Clinical Depression Treatment Options
Depression treatments vary depending on the severity of the disorder. Persistent depressive disorder (also called dysthymia), mild to moderate, is usually treated effectively with psychotherapy. In the case of major depression, the recommended treatment is psychotherapy associated with the use of an antidepressant drug.
Several recent studies have shown that antidepressant drugs are most effective in major depression treatment. In practice, however, antidepressants are often prescribed for moderate cases. Whatever the severity of the symptoms, combining a “conventional” medical treatment with another therapy has revealed to be effective.
Electroconvulsive Therapy – In case suicidal behavior is obvious, it is necessary to resort to hospitalization to avoid a fetal complication. During the hospitalization, special care will be given. Electroconvulsive therapy, which aims to cause a seizure in order to stimulate the brain, is used in some cases of clinical depression treatment that do not respond to other therapies. The therapy is administered under general anesthesia, 2 to 3 times a week, for 6 to 12 weeks.
Transcranial Magnetic Stimulation (TMS) – Lately, a new treatment, transcranial magnetic stimulation (TMS), seems to provide satisfying results in case of failure of the standard therapies. But it is recommended to people with major depression who have not responded to two different classes of antidepressants.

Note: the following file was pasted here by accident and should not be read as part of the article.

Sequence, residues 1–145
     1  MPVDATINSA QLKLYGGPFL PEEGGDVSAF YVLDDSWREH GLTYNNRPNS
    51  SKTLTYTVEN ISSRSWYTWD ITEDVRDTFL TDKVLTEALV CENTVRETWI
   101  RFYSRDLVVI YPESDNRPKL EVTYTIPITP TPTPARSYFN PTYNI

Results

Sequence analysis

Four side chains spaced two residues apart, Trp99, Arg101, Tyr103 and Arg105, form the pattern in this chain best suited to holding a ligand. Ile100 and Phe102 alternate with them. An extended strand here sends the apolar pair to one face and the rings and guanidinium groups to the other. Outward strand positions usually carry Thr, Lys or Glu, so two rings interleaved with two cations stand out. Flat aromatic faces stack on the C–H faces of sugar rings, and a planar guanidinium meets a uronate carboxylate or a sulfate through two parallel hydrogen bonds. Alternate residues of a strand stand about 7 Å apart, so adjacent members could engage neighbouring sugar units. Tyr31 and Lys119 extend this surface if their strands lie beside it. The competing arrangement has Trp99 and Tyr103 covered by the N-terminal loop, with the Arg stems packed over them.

Transcranial magnetic stimulation is performed using a powerful electro-magnet coming from a magnetic field of short duration. During the sessions, the brain is subjected to repeated brief magnetic pulses for a time defined by the protocol. It does not require general anesthesia, contrary to electric shocks, and most patients tolerate it.
Psychotherapy – psychotherapy can help the physician to understand the source or the cause, and the gravity of depression in order to use more appropriate therapeutic approaches. Such therapy also helps to find and establish a protocol for the patient to get some improvement day by day. In short, the therapy helps the patient to better respond to the trials and successes of life that mark our existence. Once this protocol is established it is then possible to adopt behaviors which prevent a relapse.
In major depression treatment, there are several psychotherapeutic approaches. But cognitive behavioral therapy is one of the most effective methods. Similarly, therapy based on mindfulness is a new approach that has been found to be effective as well. But its effectiveness depends mostly on the patient. The personal commitment and will of the depressed person, as well as the relationship of trust he forms with the therapist, would be even more important success factors.
In medical clinical depression treatment, psychotropic drugs are often the first choice.
Psychotropic drugs, natural or artificial substances capable of altering the chemical balance of the brain, can be prescribed. Their action largely takes place on the synapses of neurons, that is, the part of the brain where transmission of information between neurons occurs.
Antidepressants, a group of psychotropic drugs that work by reducing the depressive symptoms, are used to alter mental activity, behavior, perception, and/or mood of the depressed person